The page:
Seeing is believing but it all depends on your perspective. Photo: Dirk Anschutz
Want to see more fun optical illusions? Click here to see the gallery from the Getty Images Creative picture desk… (This photo: 📷: Dirk Anschutz)
Beautiful and candid; Gus Van Sant’s Polaroids of young Hollywood (via AnOther)
Between 1983 and 1999 the visionary American filmmaker captured the face of every actor he encountered on his point-and-shoot camera, compiling an enthralling album of icons in the making.
Award winning photographer, Ezra Shaw, shares six of his most memorable Olympic photos, along with details about how he was able to achieve each shot. (via CBS Sports)
Go behind the scenes to see how these incredible shots came together Getty Images staff photographer, Ezra Shaw.
“Look to see which eye is bigger. Then, angle that side of the face away from the lens. This will help make both sides of the face look even.” – Photographer, Joe Edelman (via PetaPixel)
It’s your job as the photographer to make your subjects look their best, and one of the first steps to making this happen consistently is knowing how to find a person’s “good side” for portraits. Photo: Joe Edelman
“I grew up watching Carl Lewis at the Olympics and I remember seeing this image in a book. My fellow Getty Images photographer David Cannon has caught the perfect Olympian pose here.” – Adam Pretty (via @ShortList) Photo: David Cannon/Getty Images
Adam Pretty, Sports Photographer at Getty Images, takes us through his selection of 24 incredible images from Olympics of yesteryear. Photo: David Cannon/Getty Images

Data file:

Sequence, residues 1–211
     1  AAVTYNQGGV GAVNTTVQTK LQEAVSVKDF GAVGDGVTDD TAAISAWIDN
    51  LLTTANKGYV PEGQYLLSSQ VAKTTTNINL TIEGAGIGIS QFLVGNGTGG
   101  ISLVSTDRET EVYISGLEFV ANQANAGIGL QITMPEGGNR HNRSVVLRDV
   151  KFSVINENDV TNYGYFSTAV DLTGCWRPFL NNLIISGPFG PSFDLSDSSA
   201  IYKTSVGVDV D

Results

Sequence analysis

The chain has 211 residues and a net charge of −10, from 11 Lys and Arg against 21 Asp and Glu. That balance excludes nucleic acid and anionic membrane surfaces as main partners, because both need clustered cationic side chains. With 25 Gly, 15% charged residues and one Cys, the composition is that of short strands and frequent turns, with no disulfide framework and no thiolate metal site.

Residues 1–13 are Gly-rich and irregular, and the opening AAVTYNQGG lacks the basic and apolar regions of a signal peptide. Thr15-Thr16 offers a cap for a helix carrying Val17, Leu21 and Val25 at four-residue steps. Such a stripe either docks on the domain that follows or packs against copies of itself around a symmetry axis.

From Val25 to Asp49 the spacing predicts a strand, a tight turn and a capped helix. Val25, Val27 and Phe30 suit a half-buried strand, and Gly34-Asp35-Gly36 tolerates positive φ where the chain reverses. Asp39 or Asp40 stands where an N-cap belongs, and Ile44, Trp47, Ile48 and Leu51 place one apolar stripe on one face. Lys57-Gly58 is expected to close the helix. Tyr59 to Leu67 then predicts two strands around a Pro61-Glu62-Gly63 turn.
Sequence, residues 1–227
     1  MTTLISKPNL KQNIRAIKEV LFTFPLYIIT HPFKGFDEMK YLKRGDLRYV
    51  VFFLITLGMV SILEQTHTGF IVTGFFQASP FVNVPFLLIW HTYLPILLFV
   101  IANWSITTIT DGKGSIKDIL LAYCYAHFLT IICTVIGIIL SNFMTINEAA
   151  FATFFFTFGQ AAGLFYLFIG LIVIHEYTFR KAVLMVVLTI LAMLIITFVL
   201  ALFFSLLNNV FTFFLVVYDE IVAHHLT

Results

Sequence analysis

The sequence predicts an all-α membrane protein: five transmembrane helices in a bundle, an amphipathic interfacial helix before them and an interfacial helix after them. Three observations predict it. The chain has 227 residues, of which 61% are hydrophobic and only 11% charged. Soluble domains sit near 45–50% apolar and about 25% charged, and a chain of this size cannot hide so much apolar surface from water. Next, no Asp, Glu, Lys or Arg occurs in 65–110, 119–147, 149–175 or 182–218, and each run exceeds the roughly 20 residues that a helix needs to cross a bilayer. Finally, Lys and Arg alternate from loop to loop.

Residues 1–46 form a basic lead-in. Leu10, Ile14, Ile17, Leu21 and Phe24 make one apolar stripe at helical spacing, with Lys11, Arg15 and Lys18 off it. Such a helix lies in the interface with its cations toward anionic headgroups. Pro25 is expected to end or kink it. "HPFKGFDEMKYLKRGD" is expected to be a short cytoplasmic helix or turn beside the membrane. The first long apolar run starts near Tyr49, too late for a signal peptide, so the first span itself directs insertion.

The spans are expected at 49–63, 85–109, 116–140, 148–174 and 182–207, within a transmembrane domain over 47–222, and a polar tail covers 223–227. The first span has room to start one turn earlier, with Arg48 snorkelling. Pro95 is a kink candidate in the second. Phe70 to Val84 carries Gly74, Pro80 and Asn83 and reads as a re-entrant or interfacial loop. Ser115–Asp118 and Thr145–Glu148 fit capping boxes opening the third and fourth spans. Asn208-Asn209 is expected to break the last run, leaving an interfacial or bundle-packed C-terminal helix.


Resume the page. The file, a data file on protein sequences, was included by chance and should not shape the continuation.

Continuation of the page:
These outfits — from straw skirts to bright kimonos — are worn for ceremonies intended either to conjure fertile harvests or banish evil spirits. (via i_D) 📷: Charles Fréger
Charles Fréger spent years capturing ceremonies in rural Japan. The French-born photographer talks about his own small-town upbringing, his work in the fashion world, and why he’s no anthropologist.
When a Getty Images photographer shoots a picture at the Olympic Games, it’s often available to customers within a couple of minutes and yet the tech setup that makes this possible is years in the making. (via Popular Photography) Photo: Ezra Shaw/ Getty Images
How Getty prepares for and photographs the Olympics. Photo: Ezra Shaw/ Getty Images
The 32,000-square-foot mural, titled ‘We Are All One’, was painted to represent cultural diversity across continents for the start of the Rio 2016 Olympic Games. Photo by Mario Tama/Getty Images
A mural depicting an indigenous face created by Brazilian graffiti artist Eduardo Kobra. Photo by Mario Tama/Getty Images